Some higher-spec electric cars have more advanced technology that can also handle ‘rapid’ charging – from 50kW up to 120kW. These usually required a specific plug type, called ‘tethered’, and are often designed for specific vehicles. For example, Tesla drivers can use the Tesla supercharger network but require a Tesla-specific connection. Other rapid chargers use CHAdeMO and CSS-type plugs, which are respectively Japanese- and Euro-spec connectors, and compatible with a bigger range of electric cars. It is important to check that your model is compatible with rapid charging and that you have the necessary cables before your try to use these chargers.

What are the best apps for finding chargers?

There are many apps on the market that claim to help EV drivers find chargers: PlugShare, ChargePoint, NextCharge, Chargemap, ZapMap, Greenlots. In our opinion, the most user-friendly and wide-reaching app is Zap Map.

Like most of these apps, Zap Map can be used on a computer or through an iOS or Android app. Search criteria on Zap Map include: Location search, EV model, connector type, network, location type, access, payment and Taxi Only points. Use the search functions and filters to identify and navigate to suitable, available chargers.

Once charge points are identified, users can then see the results on the map or, see a list of nearby chargers which fit the criteria. Particular chargers can then be added to favourites to be easily identified in the future.

One downfall is that many of the apps on the market have their own ‘network’ and do not cover all of the charge points available. As private companies, they are aiming to encourage drivers to go to their chargers rather than the nearest.

We have also previously mentioned Charge My EV. The new app, developed by German technology company, Bosch, aims to combine many of these charge points onto one platform which is available throughout Europe. The new mobile app will give drivers access to over 150,000 charging stations in Europe, with around 4,500 of these in the UK. Elmar Pritsch, the president of the Connected Mobility Solutions division of Bosch Germany, said, “With our recharging services, we are developing a universal key to one of the biggest pan-European recharging networks. In doing so, we are making electromobility even more viable.”

Can I use Google Maps?

Google Maps lets you search for electric car charging stations according to which plug types they work with. When you search for a place to charge your car, you’ll see an option to specify the exact plugs you’re looking for in the filter bar directly below the search box. These include CHAdeMO, CCS, Type 2, or Tesla’s proprietary plug type.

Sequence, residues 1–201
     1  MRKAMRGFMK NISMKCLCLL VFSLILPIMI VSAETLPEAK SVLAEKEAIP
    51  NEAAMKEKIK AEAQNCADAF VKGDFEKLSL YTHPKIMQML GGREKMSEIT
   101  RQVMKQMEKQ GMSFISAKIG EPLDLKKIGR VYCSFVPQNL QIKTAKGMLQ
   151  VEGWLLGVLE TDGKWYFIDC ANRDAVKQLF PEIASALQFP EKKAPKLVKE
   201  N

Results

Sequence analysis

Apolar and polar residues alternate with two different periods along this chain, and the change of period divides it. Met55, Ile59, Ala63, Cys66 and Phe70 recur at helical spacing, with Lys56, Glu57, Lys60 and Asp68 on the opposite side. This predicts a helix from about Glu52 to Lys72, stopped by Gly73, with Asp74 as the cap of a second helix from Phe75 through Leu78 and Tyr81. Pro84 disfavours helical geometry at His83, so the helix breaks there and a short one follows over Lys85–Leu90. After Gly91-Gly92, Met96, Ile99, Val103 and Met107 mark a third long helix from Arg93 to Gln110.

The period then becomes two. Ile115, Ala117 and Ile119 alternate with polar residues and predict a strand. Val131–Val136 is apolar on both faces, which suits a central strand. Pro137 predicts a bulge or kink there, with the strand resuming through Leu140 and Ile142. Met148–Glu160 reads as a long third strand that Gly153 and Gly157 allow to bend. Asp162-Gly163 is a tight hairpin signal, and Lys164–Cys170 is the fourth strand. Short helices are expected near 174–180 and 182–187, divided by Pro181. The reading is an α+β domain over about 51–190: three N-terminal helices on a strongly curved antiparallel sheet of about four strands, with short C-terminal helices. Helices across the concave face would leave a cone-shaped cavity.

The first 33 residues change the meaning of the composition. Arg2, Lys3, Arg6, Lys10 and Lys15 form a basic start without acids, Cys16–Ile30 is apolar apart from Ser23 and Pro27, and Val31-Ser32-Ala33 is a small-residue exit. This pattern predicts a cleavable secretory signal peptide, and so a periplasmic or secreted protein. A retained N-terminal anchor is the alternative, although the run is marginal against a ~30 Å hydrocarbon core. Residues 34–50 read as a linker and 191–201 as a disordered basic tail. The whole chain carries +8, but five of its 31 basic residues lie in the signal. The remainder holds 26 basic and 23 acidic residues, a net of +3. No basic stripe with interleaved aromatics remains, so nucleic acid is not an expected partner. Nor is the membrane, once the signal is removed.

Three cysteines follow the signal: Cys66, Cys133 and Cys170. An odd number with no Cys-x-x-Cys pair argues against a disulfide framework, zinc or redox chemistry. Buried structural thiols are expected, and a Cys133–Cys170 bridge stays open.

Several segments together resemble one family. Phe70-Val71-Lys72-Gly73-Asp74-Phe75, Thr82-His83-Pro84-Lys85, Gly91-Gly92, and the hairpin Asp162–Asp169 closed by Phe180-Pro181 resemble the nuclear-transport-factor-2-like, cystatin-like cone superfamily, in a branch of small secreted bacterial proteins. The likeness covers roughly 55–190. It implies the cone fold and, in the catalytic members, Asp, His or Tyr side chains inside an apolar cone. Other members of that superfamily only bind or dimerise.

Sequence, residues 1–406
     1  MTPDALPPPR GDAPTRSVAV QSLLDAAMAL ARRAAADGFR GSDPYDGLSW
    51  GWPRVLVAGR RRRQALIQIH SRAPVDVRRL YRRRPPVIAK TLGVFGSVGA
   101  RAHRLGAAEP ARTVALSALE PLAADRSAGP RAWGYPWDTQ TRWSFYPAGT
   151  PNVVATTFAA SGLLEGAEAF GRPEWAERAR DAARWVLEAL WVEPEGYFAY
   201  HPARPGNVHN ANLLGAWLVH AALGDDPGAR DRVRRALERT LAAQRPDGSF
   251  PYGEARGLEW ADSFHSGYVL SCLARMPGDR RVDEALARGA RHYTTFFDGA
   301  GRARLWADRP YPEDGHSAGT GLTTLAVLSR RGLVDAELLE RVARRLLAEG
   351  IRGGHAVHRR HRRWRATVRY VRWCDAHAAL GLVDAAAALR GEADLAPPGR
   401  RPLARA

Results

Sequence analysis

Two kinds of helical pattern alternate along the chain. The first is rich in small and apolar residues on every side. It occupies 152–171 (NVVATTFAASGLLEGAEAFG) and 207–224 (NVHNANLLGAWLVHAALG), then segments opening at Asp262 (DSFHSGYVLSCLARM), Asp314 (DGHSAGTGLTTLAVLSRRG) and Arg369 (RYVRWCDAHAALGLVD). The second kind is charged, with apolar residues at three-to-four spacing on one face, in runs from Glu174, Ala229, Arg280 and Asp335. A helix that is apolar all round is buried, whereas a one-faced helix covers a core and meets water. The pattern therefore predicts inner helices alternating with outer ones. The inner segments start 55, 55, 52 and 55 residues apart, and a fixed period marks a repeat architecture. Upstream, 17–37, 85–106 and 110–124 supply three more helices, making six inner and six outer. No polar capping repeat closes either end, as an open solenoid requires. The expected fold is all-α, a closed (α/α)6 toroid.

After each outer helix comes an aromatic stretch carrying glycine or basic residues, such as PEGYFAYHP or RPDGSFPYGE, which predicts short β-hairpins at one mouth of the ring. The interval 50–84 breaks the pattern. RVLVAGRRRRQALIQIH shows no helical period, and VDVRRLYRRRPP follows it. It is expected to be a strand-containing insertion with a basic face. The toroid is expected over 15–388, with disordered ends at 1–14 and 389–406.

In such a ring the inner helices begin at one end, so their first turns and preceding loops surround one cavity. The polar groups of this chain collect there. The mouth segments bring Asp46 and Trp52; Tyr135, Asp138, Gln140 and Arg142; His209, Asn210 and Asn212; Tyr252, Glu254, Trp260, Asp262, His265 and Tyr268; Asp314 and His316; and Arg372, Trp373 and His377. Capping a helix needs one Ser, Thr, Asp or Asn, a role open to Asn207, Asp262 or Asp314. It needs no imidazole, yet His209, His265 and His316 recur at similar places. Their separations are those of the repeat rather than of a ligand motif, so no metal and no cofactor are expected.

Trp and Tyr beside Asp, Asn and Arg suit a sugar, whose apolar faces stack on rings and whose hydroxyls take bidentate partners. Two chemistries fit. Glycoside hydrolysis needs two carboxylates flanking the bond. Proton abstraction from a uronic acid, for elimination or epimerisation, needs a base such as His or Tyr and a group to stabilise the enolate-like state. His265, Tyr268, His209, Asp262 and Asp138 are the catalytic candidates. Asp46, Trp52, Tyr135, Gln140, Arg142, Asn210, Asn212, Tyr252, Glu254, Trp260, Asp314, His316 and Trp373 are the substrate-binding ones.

The functionality should make it much easier to find a charging station that supports your car’s specific standard, of which there are a few competing options. When purchasing a new EV, you should check which connectors are compatible.

Once you search for EV chargers, you can tap the menu option to specify which plugs your vehicle supports. You can also specify which plugs are useful to you using a new “Electric vehicle settings” option in the app’s Settings menu.

Google also has a feature which shows you whether a charging station is currently in use.  This functionality should make it a lot easier to find a charger that’s not occupied, that’s in good working order, and that’s compatible with your car.

This functionality is available online or through the Google mobile app in the UK.

In-car functionality

In addition to the available apps, many new electric vehicles have built-in charge point finders. You can tailor your route to include the most efficient charging stop and they will even automatically update if the charger is in use.  When purchasing an EV, it is important to find out if it has this feature.

We hope we have proven that charging range and finding a charger should no longer be a barrier to going electric. If you are interested in discussing any aspect of life with an EV, please get in touch. A member of our technical team would be happy to answer any questions that you have.

Leave a comment

Your email address will not be published. Required fields are marked *